As with other ransomware, once PowerWare executes on the targets computer, a message is presented notifying the victim to pay up to obtain the private key or lose access to their data. At least for now, the ransom starts at $500, but this amount increases to $1,000 two weeks after infection.
Defense In Depth: Detection
Every security model revolves around prevention, detection, and response – and handling ransomware is no exception. Traditional security implementations, such as AV and firewalls, are common basics but these are easily circumvented when social engineering and technical expertise are used to target unsuspecting users. Also, when malware is embedded in macros, uses PowerShell to hide its malicious commands, or is encrypted to evade antivirus, additional protections must be used.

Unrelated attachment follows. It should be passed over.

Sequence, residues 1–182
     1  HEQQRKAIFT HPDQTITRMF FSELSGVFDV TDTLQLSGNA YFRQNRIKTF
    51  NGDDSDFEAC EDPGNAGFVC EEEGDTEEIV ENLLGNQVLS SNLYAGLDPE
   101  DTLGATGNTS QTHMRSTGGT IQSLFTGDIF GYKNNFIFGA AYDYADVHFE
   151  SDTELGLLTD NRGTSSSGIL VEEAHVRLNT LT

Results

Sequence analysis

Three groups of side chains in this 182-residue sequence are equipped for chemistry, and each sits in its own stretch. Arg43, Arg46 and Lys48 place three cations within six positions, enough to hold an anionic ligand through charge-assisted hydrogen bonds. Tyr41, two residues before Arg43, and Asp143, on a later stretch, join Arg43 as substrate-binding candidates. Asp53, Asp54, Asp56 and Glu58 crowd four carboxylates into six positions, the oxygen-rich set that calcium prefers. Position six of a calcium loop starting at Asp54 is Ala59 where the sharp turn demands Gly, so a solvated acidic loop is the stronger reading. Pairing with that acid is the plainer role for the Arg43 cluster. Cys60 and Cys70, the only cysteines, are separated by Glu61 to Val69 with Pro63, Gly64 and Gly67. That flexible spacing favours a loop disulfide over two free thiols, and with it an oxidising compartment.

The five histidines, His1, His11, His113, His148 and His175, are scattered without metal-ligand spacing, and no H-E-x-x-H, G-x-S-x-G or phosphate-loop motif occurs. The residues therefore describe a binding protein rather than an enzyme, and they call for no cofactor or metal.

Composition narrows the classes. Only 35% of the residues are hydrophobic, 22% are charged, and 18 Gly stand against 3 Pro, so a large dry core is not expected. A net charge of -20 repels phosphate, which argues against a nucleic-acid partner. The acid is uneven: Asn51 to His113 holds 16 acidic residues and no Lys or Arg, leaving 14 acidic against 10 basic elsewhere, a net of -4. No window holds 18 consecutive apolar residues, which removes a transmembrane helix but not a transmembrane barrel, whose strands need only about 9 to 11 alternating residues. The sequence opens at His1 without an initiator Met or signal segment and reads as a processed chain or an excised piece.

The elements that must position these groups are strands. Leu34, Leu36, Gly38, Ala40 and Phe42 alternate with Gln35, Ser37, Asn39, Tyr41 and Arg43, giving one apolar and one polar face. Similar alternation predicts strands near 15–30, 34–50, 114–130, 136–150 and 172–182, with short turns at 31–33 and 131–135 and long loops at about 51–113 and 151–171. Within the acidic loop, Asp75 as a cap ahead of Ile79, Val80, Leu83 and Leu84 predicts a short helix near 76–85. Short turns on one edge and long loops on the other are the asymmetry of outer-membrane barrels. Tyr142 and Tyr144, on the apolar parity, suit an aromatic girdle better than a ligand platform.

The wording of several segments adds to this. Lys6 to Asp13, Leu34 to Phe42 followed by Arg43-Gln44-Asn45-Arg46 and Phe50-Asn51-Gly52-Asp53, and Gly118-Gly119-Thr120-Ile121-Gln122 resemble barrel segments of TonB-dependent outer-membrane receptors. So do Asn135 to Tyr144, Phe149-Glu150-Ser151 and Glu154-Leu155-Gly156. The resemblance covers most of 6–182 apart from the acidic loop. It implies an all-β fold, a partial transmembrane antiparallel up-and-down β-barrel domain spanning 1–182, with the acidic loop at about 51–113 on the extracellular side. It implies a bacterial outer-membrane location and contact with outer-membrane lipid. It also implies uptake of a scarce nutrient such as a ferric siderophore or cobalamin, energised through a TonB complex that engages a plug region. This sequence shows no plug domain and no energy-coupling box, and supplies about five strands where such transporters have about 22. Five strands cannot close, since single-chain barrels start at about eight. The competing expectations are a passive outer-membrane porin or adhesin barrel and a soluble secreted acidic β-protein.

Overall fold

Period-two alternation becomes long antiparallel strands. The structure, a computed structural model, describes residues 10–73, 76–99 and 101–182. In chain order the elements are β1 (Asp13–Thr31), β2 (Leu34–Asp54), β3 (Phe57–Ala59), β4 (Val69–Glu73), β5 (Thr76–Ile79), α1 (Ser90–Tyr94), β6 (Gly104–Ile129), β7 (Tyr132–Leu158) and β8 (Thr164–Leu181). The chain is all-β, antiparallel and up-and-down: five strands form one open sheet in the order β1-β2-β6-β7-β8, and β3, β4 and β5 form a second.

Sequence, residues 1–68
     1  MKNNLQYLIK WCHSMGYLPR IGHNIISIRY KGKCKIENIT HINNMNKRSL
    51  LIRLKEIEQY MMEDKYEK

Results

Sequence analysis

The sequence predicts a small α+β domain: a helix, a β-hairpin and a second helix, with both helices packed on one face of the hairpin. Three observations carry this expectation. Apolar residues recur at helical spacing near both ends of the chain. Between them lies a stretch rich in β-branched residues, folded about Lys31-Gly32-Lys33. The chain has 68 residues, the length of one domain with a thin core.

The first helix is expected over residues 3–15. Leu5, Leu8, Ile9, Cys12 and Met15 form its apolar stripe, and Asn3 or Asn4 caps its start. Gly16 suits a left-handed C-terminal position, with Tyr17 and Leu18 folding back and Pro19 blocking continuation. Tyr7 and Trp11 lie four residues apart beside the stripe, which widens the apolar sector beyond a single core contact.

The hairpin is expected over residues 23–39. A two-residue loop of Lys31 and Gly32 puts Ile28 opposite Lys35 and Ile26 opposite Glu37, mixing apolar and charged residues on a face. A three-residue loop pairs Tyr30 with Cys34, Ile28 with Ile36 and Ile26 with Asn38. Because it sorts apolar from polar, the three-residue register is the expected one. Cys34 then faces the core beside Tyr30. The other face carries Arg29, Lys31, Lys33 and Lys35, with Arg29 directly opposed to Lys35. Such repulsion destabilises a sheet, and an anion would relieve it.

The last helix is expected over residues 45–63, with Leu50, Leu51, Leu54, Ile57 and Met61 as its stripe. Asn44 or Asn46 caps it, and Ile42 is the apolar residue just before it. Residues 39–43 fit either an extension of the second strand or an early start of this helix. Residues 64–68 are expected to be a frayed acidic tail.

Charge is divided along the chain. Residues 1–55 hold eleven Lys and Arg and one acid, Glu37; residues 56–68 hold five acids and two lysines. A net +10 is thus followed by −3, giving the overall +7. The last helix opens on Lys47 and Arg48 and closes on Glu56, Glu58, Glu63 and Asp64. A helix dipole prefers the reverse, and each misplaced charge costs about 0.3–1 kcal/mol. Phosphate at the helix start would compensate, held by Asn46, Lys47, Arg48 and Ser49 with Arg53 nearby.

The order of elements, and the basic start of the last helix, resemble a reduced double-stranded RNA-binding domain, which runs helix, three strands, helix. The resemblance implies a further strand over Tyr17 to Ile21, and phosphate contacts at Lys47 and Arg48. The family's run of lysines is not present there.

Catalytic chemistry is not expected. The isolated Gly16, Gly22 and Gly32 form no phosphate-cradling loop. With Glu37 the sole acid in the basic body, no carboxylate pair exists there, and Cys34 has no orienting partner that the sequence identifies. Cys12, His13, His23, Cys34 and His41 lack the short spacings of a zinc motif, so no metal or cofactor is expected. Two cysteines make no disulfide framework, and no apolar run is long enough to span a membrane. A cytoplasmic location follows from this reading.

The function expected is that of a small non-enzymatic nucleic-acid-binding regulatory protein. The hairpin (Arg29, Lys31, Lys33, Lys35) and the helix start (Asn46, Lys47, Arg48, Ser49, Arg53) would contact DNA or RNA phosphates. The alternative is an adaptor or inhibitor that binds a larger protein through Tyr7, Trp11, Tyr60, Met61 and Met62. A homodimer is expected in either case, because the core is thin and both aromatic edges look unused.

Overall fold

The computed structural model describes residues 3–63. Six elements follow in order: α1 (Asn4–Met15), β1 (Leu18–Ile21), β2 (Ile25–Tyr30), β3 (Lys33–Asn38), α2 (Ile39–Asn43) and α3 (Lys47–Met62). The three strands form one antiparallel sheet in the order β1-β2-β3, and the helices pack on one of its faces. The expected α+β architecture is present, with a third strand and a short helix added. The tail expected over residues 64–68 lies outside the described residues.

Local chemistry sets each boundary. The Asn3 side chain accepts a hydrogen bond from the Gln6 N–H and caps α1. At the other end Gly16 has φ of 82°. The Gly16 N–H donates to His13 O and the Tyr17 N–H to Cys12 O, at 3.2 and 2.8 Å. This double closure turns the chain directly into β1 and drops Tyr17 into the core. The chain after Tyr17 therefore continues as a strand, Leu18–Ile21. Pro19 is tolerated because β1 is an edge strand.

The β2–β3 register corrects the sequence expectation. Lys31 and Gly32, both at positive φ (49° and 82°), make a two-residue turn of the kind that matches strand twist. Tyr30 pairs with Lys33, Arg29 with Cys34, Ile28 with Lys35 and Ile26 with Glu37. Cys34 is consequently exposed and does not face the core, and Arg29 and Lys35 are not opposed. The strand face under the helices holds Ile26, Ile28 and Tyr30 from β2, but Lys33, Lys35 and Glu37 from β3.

With AlienVault USM, attacks can be mitigated through a range of tools and capabilities.
- Host-based intrusion detection (HIDS) agents deployed to each endpoint on your network identify suspicious behaviors, preventing attacks before they begin. This host-based service can negate ransomware threats as soon as they reach your workstations by shutting down encryption processes before they can cause damage. Backed by decades of research and threat intelligence, you can trust that each endpoint is protected from even emerging security threats.
- File Integrity Monitoring (FIM) similarly alerts you to changes in critical system files, configuration files, and content files, ensuring that no unauthorized changes, including the encrypting of sensitive data, occur. With FIM built into each HIDS agent, USM is able to keep a close watch on your most critical assets and systems to detect when ransomware may be present on the network.